Even so, items from brands like Ruby + Ed and Helen Moore are moderately priced. So why has fake fur piqued the luxury industry’s interest? “It’s the appealing playfulness the fabric lends a piece,” says Browns’ buying director Laura Larbalestier. “Designers this season are using it in fun and unexpected ways – take Awake’s colour-blocked coat [£994].” For others it is a matter of principle. “As a retailer with a no-fur policy we need a permanent alternative, especially for luxury outerwear,” says Selfridges’ Crane, who cites standout pieces by Stella McCartney and Brunello Cucinelli.
Once accused of not being able to scale the heights of luxury without using materials like fur or leather, McCartney now has her critics eating their words with her enormously soft and voluminous jacket (£2,580) and coat (£3,220) in specially developed modacrylic. For rising star Natalia Alaverdian of Awake, animal cruelty has to be balanced with the environmental impact of manmade fibres. “I mix synthetic and natural fibres, such as modacrylic with cotton or even viscose and cotton [red Astrakhan coat, £956].”
Moore maintains she doesn’t have a political agenda, but that the ethical side of fake fur has become fashionable along with the fabrics. “If fur’s irresistible tactile quality can be achieved without harming animals, high-quality imitations become very appealing.” Indeed, feel is at the heart of good fake fur and what the most luxury brands are exploiting in ever more ingenious ways.
Cucinelli describes in detail the making of his “cashmere fur”, an outrageously soft, teddy bear-like fabric used for casual hooded jackets (£1,950). “A pure cashmere yarn is woven with another with a small percentage of technical fibre, the latter creating structure and the yarn providing the links,” he says. “The links are cut open to leave little fringes of soft cashmere along their length.” It creates a more enveloping and luxurious feel very different to fine knitwear. “Our aim is both to highlight the natural properties of the fibre in a new way and to satisfy customers who are sensitive to the issue of fur.”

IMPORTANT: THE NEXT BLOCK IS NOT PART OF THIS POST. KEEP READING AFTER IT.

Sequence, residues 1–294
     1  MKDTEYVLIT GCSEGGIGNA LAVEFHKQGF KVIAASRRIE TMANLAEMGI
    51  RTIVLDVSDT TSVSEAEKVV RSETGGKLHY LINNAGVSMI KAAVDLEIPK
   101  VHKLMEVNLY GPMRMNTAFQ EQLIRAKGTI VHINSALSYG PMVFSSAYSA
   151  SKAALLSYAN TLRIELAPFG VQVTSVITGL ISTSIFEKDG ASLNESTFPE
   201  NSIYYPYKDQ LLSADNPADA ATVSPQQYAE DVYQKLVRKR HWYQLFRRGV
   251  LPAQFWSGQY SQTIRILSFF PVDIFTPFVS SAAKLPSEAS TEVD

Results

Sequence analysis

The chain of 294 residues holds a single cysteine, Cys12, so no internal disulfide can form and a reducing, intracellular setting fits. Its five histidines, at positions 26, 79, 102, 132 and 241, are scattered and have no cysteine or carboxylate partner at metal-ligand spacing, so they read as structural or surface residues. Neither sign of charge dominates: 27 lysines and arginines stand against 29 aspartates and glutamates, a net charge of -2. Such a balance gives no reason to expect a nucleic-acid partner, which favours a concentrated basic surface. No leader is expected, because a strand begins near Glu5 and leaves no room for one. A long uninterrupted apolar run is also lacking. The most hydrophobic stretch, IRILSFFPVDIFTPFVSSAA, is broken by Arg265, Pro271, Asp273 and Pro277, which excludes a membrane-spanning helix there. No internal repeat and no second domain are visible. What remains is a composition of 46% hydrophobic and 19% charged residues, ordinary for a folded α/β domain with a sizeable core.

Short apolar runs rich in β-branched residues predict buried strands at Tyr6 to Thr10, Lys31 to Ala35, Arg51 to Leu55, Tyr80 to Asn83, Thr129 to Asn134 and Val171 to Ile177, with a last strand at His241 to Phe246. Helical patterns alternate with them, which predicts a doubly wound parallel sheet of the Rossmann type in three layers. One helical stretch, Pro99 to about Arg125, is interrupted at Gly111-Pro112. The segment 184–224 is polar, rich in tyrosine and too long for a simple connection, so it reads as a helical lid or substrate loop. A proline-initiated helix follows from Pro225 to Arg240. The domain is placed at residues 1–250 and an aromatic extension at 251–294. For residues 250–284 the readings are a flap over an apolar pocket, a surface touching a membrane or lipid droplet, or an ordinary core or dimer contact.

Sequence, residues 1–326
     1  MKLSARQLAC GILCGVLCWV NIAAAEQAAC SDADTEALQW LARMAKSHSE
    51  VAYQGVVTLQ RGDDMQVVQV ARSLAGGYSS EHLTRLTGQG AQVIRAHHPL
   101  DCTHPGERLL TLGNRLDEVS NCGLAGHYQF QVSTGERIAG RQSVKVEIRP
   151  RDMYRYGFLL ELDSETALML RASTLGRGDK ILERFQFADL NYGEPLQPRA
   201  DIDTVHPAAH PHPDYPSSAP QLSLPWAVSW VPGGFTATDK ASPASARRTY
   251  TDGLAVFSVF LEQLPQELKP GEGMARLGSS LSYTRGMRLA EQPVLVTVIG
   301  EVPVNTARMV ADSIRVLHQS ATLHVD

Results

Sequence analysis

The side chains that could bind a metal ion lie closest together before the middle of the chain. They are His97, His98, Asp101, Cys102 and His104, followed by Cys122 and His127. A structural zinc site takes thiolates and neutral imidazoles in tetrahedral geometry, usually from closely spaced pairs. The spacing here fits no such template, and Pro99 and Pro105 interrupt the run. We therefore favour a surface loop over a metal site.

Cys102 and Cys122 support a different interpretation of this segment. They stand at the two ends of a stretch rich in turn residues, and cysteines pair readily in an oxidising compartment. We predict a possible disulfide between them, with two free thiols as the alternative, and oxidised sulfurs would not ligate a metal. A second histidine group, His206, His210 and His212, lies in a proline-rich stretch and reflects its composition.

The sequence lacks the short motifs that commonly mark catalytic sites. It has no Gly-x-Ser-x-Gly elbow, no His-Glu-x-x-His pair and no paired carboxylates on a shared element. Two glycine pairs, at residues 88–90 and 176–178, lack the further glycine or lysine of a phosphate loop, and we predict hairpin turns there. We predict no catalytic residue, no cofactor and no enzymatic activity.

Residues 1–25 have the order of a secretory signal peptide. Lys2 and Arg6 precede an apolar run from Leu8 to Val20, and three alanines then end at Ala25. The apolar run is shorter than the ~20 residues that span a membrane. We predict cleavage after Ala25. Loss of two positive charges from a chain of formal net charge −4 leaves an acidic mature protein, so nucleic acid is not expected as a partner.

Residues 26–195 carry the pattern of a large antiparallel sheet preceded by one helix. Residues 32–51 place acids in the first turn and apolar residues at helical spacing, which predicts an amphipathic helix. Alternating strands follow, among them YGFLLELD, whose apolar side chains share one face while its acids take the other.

The same enveloping feel enriches German designer Dorothee Schumacher’s candy-pink coat (£989). You might expect soft toys to be made from fake fur, but the upmarket Steiff ones from Schumacher’s homeland are mohair, and when the firm offered her their material she jumped at it. “It’s sustainable, much lighter than shearling, takes colour brilliantly and reminds me of a cherished part of my childhood,” she says.
Indulging in colour makes fake fur, both technical and natural, appeal to designers and consumers. “I love artists who work with lots of colour; this was the starting point for my brand,” says Welland, who adds brilliant fake-fur trims to tartan or patent pleather coats (from £450) and crystal-embellished clutches (from £365). Julie de Libran, artistic director at Sonia Rykiel, agrees. “Faux fur is fun and imaginative, providing fashion brands with colour and volume in a quality unimaginable 10 years ago.” She uses alpaca mixed with yak hair in a leopard-print cape (£1,665) and technical fake fur for vibrantly striped stoles (£260) and a bright green coat (£615) with abstract white florals.
Statement coats are also evident at London-based German design duo Felder Felder, whose rich blood-red and teal long-hair designs (both £1,200) with oversize collars have a huge glamour quotient. Another master is Giorgio Armani, who works natural-fibre fake furs in a palette of purple (£2,250) and blue (£2,565). Fake fur is the new fun in luxury fashion.